If only it were that simple, though. The unfortunate reality is that stocks and shares can go up as well as down. Betting on the performance of stocks is effectively gambling; you’re not a million miles away from just betting your savings on a Vegas Slots game. There are even mobile slots games which use the stock market as a theme and inspiration, such as ‘Wall Street Fever.’ The knowledge of your financial adviser should mean your chances of success are better than the blind luck of landing a big mobile slots win, but you could still lose everything you’ve saved – so only go down this route if you’re comfortable with that idea!
Money Market Accounts
We’re back into the territory of traditional savings accounts here. Money market accounts are quite similar to transactional savings accounts, but with a few refinements. One of the most obvious is that you generally need quite a substantial deposit in order to open one (requirements vary from one bank to another, so shop around) You can still withdraw from a money market account – so you still have access to your funds should an emergency arise – but if the balance drops below the level of the original deposit, you usually get charged.
The big advantage of a money market account over a transactional savings account is that the interest rate applied to your savings is higher, and so your money works harder for you. This account is always a better option than a transactional savings account so long as you can afford the deposit, and you don’t ever reduce the balance below the level of that original deposit.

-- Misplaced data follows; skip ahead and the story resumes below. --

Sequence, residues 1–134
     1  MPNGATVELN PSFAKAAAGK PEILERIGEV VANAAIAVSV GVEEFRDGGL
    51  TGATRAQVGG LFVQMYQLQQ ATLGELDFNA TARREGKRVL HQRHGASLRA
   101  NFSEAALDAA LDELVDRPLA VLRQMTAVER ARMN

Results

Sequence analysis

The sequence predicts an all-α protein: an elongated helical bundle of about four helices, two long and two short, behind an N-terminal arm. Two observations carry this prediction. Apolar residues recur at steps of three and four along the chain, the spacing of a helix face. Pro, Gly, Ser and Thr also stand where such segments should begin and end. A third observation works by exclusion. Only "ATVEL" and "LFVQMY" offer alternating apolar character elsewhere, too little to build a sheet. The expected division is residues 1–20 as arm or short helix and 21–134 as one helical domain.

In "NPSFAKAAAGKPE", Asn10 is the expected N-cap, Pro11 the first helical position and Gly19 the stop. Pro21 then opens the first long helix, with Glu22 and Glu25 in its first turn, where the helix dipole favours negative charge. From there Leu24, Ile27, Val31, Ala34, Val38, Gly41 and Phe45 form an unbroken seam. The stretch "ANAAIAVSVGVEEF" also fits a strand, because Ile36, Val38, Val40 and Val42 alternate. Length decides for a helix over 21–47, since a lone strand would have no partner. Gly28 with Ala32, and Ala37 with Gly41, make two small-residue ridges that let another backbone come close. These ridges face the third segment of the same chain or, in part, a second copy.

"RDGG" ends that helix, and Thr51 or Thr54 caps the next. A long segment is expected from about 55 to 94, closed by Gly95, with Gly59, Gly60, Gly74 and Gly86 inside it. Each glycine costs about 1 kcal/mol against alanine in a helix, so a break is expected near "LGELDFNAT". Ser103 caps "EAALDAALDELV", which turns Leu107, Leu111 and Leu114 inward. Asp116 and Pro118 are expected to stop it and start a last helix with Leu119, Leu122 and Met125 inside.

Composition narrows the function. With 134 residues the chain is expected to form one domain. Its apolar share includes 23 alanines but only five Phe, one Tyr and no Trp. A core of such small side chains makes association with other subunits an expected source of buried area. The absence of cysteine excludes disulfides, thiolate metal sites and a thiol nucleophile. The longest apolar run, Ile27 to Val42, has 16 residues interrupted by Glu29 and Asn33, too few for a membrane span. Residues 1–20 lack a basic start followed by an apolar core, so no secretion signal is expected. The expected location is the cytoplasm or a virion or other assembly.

Certificates Of Deposit
Hello, high-interest rates. Goodbye, access to savings. If the only thing you want or need a savings account for is literally to store money and nothing else, then certificates of deposit win the argument hands-down. You just have to be very sure you’re not going to want or need your money during the term of the deposit. All certificates of deposit come with a term (sometimes referred to as a maturation period), and during that time, your money is gone. You can’t access it. That term is generally between six months and ten years.
Depending on how long you’re confident you can be without the money for, the higher the interest rate will be – a six-month term will attract less interest than a five-year term, for example. In some cases, you may be able to apply to withdraw your money if it’s desperately needed, but a large fee usually applies – often a fee so high that it would make the action pointless, because there would be no money left. If you take this route, maintain an awareness of when the term is due to end; if you don’t take action quickly enough, your money will automatically be reinvested into a new term of equal length, and you’ll be waiting until the next maturity date for a chance to access your cash.
As always, make an appointment with a qualified financial advisor before making any important decisions about savings or investments.